Wednesday Colloquium


"Proto-neutron star evolution and neutrino interactions in hot and dense matter"

Micaela Oertel (LUTH, Meudon)

Neutrinos play an important role in compact star astrophysics: neutrino-heating is one of the main ingredients in core-collapse supernovae, neutrino-matter interactions determine the composition of matter in binary neutron star mergers and have among others a strong impact on conditions for heavy element nucleosynthesis and neutron star cooling is dominated by neutrino emission except for very old stars. Many works in the last decades have shown that in dense matter medium effects considerably change the neutrino-matter interaction rates, whereas many astrophysical simulations use analytic approximations which are often far from reproducing more complete calculations. In this talk I will present a scheme which allows to incorporate improved rates into simulations and show as an example results for the evolution of a proto-neutron star.


"Evolution of massive stars with new hydrodynamic wind models"

Alex Gormaz-Matamala (CAMK, Warsaw)

We present evolutionary models for a set of massive stars, introducing a new prescription for the mass loss rate obtained from hydrodynamic calculations in which the wind velocity profile and the line-acceleration are obtained in a self consistently way. Evolutionary models with the new recipe for mass loss retain more stellar mass through their evolution, which is expressed in larger radii and consequently more luminous tracks over the Hertzsprung-Russell diagram. Also, models with self-consistent winds predict a weaker braking in the rotational velocity and a more marked drift redwards of the evolutionary tracks across the HRD, as a direct consequence of the differences in the stellar angular momentum loss and in the rotational mixing. Together with the prediction of higher masses at the end of main sequence, self-consistent tracks also predicts a distribution of rotational velocities for Galactic O-type stars more in agreement with the diagnostics of recent surveys. Other hypothetical implications, such as the masses of Ofpe stars at the Galactic Centre or the contribution of the isotope Al-26 to the ISM, are open to discussion.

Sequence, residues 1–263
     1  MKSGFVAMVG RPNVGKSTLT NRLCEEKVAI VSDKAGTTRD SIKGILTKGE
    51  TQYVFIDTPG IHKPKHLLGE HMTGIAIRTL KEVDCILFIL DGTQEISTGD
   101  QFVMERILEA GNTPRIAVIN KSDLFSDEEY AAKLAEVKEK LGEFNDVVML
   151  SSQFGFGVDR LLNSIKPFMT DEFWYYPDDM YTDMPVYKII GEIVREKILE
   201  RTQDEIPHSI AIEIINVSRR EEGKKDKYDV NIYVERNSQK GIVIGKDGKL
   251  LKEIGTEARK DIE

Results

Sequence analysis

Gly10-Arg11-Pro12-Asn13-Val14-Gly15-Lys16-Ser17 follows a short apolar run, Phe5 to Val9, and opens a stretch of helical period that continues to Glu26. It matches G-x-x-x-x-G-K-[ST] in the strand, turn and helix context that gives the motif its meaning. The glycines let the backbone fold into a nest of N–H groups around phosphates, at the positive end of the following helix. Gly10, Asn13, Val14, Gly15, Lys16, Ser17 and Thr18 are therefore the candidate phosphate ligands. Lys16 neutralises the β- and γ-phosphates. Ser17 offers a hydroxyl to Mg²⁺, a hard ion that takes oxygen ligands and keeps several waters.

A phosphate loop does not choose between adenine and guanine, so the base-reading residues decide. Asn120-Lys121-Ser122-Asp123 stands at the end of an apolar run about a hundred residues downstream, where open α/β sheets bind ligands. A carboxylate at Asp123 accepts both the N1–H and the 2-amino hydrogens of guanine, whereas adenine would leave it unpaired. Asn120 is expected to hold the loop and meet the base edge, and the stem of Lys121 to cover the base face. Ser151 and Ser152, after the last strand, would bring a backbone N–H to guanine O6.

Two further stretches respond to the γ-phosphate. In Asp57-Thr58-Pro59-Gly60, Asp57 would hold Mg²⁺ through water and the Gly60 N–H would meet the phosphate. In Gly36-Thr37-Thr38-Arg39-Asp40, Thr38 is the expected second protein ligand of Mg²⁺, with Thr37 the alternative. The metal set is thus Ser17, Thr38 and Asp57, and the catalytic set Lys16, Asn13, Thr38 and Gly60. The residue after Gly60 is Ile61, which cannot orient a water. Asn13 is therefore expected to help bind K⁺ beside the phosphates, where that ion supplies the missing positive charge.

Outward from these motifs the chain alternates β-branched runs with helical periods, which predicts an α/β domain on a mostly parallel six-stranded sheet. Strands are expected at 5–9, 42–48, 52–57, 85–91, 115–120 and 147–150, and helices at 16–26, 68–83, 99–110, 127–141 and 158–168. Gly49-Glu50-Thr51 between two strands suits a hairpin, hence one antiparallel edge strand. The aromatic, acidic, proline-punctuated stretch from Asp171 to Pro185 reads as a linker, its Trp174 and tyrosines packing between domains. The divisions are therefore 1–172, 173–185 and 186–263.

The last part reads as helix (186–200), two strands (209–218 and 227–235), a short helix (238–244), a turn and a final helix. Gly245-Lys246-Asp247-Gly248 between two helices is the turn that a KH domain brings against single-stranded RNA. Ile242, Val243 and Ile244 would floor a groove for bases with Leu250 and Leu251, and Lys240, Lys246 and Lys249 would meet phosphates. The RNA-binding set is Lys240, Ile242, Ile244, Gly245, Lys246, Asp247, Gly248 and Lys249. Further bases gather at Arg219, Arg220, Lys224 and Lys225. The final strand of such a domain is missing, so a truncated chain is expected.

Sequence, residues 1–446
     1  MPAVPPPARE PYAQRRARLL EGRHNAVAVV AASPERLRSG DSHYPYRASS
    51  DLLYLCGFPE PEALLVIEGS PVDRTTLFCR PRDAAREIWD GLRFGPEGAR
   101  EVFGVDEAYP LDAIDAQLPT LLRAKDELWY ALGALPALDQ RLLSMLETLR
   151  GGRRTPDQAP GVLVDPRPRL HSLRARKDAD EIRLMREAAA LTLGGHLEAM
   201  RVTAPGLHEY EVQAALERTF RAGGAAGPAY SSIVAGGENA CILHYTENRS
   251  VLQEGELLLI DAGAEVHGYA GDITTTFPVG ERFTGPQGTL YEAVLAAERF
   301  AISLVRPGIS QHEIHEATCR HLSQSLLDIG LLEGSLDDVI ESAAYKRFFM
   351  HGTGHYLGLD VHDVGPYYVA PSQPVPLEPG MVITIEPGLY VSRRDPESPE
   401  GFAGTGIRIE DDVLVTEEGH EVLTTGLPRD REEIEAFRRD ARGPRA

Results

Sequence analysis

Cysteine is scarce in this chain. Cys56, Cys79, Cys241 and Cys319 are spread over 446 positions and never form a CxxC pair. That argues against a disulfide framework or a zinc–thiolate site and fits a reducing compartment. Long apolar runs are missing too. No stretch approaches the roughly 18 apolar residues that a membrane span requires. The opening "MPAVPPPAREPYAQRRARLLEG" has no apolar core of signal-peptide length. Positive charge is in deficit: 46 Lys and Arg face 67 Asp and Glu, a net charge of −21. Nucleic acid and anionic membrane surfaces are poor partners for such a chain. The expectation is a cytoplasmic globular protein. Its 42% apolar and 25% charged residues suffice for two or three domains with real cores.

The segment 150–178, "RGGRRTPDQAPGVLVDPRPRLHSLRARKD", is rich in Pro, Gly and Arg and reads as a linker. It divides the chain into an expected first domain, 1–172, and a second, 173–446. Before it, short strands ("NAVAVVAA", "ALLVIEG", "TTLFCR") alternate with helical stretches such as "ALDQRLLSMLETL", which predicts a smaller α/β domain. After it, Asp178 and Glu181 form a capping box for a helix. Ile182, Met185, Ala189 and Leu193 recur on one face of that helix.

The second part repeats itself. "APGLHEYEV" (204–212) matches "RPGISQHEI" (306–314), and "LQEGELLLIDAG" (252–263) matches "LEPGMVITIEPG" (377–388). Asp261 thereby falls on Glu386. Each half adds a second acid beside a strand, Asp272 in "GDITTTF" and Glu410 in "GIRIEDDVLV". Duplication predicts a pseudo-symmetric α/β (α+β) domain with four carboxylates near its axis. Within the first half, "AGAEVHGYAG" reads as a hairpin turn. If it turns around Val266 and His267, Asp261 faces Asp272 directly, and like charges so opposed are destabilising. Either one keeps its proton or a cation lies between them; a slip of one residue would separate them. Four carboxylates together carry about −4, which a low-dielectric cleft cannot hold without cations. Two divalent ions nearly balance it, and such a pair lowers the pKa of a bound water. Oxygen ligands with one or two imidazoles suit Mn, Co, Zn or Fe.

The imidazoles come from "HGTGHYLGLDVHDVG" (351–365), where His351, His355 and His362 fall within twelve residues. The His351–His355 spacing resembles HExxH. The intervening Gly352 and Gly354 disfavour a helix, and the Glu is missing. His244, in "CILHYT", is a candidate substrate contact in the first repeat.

Hélio Perottoni



Anish Amarsi (Department of Physics and Astronomy, Uppsala University)


"Combining binary and asteroseismic information in stellar modelling"

Cole Johnston (Radboud University, Nijmegen, NL)

Large-scale high-precision space-based photometric missions have revealed that most stars are variable either through intrinsic (spots, pulsations) or external (eclipses) mechanisms. Fortunately, we can leverage the characteristics of this variability in order to learn something about stars. For instance, spots provide information on stellar rotation, pulsations reveal the interior structure of stars, and eclipses provide the opportunity to obtain highly precise estimates of the fundamental stellar parameters. Fortuitously, it is clear that many stars display multiple forms of variability. To this end, I will discuss my work in jointly modelling pulsating and eclipsing binary variables to cross-calibrate stellar evolutionary models at all masses across the Hertzsprung-Russell diagram.



Marcin Kuźniak (CAMK, AstroCent, Warsaw)



Alberto Martinez-Garcia (Instituto de Astrofísica de Canarias)



Philipp Kempski (Princeton University)



Jacek Ksawery Osinski (AstroCent/CAMK, Warsaw)